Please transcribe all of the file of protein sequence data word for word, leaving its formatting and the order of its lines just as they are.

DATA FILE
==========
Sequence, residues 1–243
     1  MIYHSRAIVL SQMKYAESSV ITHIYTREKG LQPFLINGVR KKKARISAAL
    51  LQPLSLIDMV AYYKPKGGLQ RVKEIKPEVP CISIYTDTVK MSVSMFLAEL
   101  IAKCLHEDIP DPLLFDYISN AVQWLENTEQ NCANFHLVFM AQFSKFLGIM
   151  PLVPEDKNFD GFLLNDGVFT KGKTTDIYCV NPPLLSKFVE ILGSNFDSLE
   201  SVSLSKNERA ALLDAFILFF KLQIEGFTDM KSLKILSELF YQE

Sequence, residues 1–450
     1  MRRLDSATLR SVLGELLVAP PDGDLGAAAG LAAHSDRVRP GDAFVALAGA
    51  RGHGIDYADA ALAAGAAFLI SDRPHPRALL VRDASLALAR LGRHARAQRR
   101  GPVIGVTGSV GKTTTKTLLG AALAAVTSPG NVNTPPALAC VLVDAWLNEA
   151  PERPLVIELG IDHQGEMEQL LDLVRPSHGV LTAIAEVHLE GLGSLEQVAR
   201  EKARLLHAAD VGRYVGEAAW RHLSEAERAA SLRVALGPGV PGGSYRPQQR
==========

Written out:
Sequence, residues 1–243
     1  MIYHSRAIVL SQMKYAESSV ITHIYTREKG LQPFLINGVR KKKARISAAL
    51  LQPLSLIDMV AYYKPKGGLQ RVKEIKPEVP CISIYTDTVK MSVSMFLAEL
   101  IAKCLHEDIP DPLLFDYISN AVQWLENTEQ NCANFHLVFM AQFSKFLGIM
   151  PLVPEDKNFD GFLLNDGVFT KGKTTDIYCV NPPLLSKFVE ILGSNFDSLE
   201  SVSLSKNERA ALLDAFILFF KLQIEGFTDM KSLKILSELF YQE

Sequence, residues 1–450
     1  MRRLDSATLR SVLGELLVAP PDGDLGAAAG LAAHSDRVRP GDAFVALAGA
    51  RGHGIDYADA ALAAGAAFLI SDRPHPRALL VRDASLALAR LGRHARAQRR
   101  GPVIGVTGSV GKTTTKTLLG AALAAVTSPG NVNTPPALAC VLVDAWLNEA
   151  PERPLVIELG IDHQGEMEQL LDLVRPSHGV LTAIAEVHLE GLGSLEQVAR
   201  EKARLLHAAD VGRYVGEAAW RHLSEAERAA SLRVALGPGV PGGSYRPQQR